We made this soup and we both eally enjoyed it. It took us a little longer to brown the meatballs than what the directions say, but overall the soup came out really great! The meatballs and the broth were both delicious! We will definitely make this again.
Escarole Soup with Turkey Meatballs
They're not like Mama used to make: These succulent meatballs are formed from lean ground turkey instead of beef, and they're served in a light broth with escarole, not perched on top of spaghetti. (If you really miss that pasta, boil about a quarter pound of your favorite kind and stir it into the soup before serving.)
- 1 pound ground turkey
- 2 eggs, beaten to mix
- 1 clove garlic, minced
- 1 small onion, minced
- 1/2 cup dry bread crumbs
- 1/2 cup grated Parmesan
- 1/2 cup chopped fresh parsley
- 1 1/2 teaspoons salt
- 1/4 teaspoon fresh-ground black pepper
- 3 tablespoons olive oil
- 1/2 head escarole (about 1/2 pound), leaves washed well and chopped (about 1 quart)
- 1 1/2 quarts canned low-sodium chicken broth or homemade stock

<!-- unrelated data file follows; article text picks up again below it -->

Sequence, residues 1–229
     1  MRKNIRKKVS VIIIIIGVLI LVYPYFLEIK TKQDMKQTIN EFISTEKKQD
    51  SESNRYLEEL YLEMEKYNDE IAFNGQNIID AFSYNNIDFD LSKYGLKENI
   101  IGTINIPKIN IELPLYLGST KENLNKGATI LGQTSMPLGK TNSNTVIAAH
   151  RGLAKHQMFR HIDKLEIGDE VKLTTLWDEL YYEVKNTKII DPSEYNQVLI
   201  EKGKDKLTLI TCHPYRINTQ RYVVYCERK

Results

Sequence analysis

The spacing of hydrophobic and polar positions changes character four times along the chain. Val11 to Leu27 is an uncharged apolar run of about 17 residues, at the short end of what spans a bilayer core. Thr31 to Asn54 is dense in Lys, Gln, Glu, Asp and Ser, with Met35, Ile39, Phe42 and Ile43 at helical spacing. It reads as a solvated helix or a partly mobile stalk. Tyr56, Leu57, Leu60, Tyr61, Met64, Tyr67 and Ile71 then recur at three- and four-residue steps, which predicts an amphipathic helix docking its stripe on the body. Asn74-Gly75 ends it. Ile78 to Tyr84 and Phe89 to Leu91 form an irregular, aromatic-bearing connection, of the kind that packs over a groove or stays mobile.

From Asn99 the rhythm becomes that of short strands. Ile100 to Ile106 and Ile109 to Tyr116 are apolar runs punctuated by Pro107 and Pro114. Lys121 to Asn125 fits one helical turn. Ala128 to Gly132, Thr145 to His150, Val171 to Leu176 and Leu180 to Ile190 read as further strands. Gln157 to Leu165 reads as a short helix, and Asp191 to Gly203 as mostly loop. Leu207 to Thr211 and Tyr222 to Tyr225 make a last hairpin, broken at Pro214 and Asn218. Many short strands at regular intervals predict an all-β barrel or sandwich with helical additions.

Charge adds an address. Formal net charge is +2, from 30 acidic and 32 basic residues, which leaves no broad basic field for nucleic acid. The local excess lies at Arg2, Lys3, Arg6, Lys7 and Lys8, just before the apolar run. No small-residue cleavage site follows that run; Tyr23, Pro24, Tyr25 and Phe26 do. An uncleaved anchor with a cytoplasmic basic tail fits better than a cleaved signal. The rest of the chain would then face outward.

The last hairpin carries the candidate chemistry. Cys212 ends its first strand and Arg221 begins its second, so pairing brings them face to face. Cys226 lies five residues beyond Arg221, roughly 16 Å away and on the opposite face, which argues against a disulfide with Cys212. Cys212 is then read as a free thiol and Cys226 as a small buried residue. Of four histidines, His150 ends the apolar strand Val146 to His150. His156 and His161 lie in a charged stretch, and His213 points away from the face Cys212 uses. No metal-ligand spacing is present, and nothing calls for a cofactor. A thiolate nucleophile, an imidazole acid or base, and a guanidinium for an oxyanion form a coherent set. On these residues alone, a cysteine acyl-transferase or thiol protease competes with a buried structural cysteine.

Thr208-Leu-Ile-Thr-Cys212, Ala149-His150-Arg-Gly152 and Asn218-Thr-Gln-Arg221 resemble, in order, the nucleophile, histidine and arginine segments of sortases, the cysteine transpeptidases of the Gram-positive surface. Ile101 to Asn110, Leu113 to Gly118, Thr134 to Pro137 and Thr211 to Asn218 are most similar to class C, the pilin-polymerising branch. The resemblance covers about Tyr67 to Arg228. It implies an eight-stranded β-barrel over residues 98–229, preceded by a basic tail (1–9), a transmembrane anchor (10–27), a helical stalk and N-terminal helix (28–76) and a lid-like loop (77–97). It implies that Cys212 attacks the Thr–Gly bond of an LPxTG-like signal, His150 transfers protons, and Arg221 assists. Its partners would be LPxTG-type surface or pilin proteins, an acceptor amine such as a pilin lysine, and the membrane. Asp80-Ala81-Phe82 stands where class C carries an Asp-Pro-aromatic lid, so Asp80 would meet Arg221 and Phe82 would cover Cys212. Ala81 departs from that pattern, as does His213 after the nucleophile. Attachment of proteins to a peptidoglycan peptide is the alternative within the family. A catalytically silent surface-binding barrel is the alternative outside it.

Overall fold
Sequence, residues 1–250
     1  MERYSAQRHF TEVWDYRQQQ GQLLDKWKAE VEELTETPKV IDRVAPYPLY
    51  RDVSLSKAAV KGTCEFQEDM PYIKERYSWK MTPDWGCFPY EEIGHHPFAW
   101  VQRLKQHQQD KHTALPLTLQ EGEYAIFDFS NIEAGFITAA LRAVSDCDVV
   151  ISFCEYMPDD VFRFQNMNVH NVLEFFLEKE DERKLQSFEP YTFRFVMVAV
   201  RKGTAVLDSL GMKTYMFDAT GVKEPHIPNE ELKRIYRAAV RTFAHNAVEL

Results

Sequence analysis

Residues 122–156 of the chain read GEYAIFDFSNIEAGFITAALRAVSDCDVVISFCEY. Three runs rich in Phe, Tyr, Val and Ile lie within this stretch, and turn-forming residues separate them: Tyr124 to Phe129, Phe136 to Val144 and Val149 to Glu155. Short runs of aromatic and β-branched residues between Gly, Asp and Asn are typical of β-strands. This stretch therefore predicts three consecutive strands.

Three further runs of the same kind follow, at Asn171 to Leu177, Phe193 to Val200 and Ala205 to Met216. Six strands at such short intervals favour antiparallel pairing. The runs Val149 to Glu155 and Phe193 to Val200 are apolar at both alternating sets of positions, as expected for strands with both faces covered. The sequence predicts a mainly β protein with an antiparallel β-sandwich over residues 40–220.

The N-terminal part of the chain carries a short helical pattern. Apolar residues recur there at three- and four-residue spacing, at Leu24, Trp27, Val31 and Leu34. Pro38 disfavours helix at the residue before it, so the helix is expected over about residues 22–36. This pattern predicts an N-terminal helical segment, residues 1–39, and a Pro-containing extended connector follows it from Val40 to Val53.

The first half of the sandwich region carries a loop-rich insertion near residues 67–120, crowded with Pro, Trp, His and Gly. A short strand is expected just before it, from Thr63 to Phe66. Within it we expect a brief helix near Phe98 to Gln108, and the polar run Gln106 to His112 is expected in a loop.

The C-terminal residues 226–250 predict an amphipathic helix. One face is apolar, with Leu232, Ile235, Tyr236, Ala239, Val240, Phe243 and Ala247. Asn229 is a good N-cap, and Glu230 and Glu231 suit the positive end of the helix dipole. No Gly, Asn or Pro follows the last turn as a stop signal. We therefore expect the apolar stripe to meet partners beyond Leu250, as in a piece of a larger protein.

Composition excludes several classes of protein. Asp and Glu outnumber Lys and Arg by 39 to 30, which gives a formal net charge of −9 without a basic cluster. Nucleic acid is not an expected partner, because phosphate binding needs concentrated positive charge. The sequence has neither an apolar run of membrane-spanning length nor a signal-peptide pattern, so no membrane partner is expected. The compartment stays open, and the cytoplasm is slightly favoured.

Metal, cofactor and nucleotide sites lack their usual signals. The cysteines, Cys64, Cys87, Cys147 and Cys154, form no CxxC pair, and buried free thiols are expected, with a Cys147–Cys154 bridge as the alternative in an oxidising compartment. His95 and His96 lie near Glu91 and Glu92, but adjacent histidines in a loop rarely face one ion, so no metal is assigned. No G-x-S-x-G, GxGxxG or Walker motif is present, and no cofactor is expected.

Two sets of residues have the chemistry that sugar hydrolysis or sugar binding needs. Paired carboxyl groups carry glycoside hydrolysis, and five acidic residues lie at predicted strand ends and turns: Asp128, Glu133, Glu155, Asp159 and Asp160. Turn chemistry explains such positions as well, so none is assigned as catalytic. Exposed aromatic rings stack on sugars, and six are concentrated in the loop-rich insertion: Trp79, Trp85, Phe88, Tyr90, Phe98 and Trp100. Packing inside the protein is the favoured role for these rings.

- 2 cups water
- 2 tablespoons red- or white-wine vinegar
- 1/4 teaspoon red-pepper flakes
- 1. In a medium bowl, mix together the turkey, eggs, garlic, onion, bread crumbs, Parmesan, parsley, 1/2 teaspoon of the salt, and the black pepper until thoroughly combined. Shape the mixture into twenty meatballs.
- 2.In a large frying pan, heat 1 1/2 tablespoons of the oil over moderate heat. Add half the meatballs to the pan and cook, turning, until browned on all sides, about 3 minutes. Remove the meatballs from the pan and drain on paper towels. Repeat with the remaining 1 1/2 tablespoons oil and the rest of the meatballs.
- 3. Put all of the meatballs, the escarole, broth, water, vinegar, red-pepper flakes, and the remaining 1 teaspoon of salt in a large pot. Cover and bring to a simmer over moderate heat, stirring occasionally. The meatballs should be cooked through by the time the broth comes to a simmer.
- Wine Recommendation: Turkey is deceptively strong in flavor and can stand up to even the most powerful red wines. Here, try a raw-boned, rich petite sirah from California for a rollicking duet.
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